2020 Victoria Burge

ARTIST:  Victoria Burge
TITLE AND EDITION:  Night Architecture, edition size 200 plus 1 Archive Print, 16 Artist Proofs, and 4 Printers Proofs
Produced: 2020
MEDIUM: 3-color silkscreen using acrylic polymer and Ultraviolet light cured ink
PAPER: Coventry Rag, 100% cotton archival paper
PRINT DIMENSIONS:  14 x 11 inches, outer paper dimensions 20 x 16 inches
PRINTER: Luther Davis, Dennis Hrehowsik, Chris Kinsler, and Zaire Anderson at Powerhouse Arts in Brooklyn, NY

In Night Architecture, threadlike lines connect scattered points of light on an opaque black ground. Built on the concept of the warp and weft, the vertical and horizontal axes used in weaving, Night Architecture unites Victoria Burge’s previous explorations of celestial cartographies with her recent research into the repeated patterns, mathematical sequences, and coded notations used in textile design.

Burge’s interest in textile design grew from an apprenticeship at The Fabric Workshop in Philadelphia in 2017 and a 2019 fellowship at the Josef and Anni Albers Foundation in Bethany, CT. With this edition, Burge brings structure to the seemingly random beauty of astronomical maps by applying the visual principles of traditional weaving techniques.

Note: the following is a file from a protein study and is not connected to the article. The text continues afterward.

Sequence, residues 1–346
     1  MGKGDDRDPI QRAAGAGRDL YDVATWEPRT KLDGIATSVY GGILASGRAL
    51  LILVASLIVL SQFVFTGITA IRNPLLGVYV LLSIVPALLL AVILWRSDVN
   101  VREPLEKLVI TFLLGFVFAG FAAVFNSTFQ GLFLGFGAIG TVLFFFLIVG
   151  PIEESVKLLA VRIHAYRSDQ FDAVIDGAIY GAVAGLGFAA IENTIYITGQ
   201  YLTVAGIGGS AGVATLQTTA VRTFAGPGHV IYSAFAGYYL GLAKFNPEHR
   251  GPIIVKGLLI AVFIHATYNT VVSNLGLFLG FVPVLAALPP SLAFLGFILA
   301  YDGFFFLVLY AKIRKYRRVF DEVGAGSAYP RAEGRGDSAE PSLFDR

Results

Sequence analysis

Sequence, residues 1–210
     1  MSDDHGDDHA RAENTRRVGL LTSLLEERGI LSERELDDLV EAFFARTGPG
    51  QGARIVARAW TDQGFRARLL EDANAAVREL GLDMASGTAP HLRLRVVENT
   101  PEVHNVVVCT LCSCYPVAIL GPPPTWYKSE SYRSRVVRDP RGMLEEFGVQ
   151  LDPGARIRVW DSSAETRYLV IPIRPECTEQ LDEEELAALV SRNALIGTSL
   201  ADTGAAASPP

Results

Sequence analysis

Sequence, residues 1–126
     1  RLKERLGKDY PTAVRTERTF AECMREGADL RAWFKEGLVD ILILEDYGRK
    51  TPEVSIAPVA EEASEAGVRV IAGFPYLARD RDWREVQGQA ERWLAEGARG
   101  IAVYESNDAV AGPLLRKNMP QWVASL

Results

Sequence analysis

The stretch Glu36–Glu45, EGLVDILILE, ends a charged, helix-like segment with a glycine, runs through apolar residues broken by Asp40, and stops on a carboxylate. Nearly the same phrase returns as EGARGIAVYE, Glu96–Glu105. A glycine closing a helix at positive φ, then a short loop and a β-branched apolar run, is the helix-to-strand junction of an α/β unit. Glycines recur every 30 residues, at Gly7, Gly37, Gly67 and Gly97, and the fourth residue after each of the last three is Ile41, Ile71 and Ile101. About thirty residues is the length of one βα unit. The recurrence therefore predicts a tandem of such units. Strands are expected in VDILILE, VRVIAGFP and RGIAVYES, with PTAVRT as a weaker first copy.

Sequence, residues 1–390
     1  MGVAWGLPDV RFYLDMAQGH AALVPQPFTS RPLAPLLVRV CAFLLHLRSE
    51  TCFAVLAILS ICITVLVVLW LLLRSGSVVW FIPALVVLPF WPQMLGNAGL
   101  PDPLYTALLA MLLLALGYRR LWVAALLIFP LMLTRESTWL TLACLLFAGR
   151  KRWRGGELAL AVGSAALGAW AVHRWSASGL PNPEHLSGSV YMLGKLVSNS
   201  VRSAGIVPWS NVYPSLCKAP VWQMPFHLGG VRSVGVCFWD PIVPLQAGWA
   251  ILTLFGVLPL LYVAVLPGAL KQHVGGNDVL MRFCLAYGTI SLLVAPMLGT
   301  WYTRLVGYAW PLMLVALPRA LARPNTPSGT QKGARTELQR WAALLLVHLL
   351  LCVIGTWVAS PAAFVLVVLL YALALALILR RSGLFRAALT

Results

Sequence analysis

The preliminary drawing for Night Architecture is based on a page of the Atlas Eclipticalis (1958), a codex of star charts by Czech astronomer Antonín Bečvář. Using the points on the original map as graphic anchors, Burge creates a fabric of constellations. The overall composition retains a grounding sense of order, moored by the semblance of a grid. Each line’s delicate trajectory calls to mind a ray of light in the night sky, a strand of lace thread, or the organic filaments of a spider’s web.

Light is not only present in the subject matter of Night Architecture; it is also crucial to the printing process. To make the image, Burge’s preliminary atlas drawing was transferred with light to a fine mesh silkscreen. The individual points of light in the print are made with Braille-like ink, which creates a slightly raised, glossy impression on the paper’s surface. In order for the ink to set it is exposed to high intensity Ultraviolet light.

Burge’s works on paper are in the permanent collections of the Metropolitan Museum of Art, the Philadelphia Museum of Art, the New York Public Library, the Smithsonian American Art Museum, the British Museum, and the Hunterian Museum, Glasgow. She is a recipient of a Pollock-Krasner Foundation Grant and has been awarded fellowships by MacDowell and the Josef and Anni Albers Foundation. Her work has been featured in ARTnews, Art in Print, and The New York Review of Books.

The video recording of the annual artist talk with Victoria Burge and Luther Davis can be viewed here.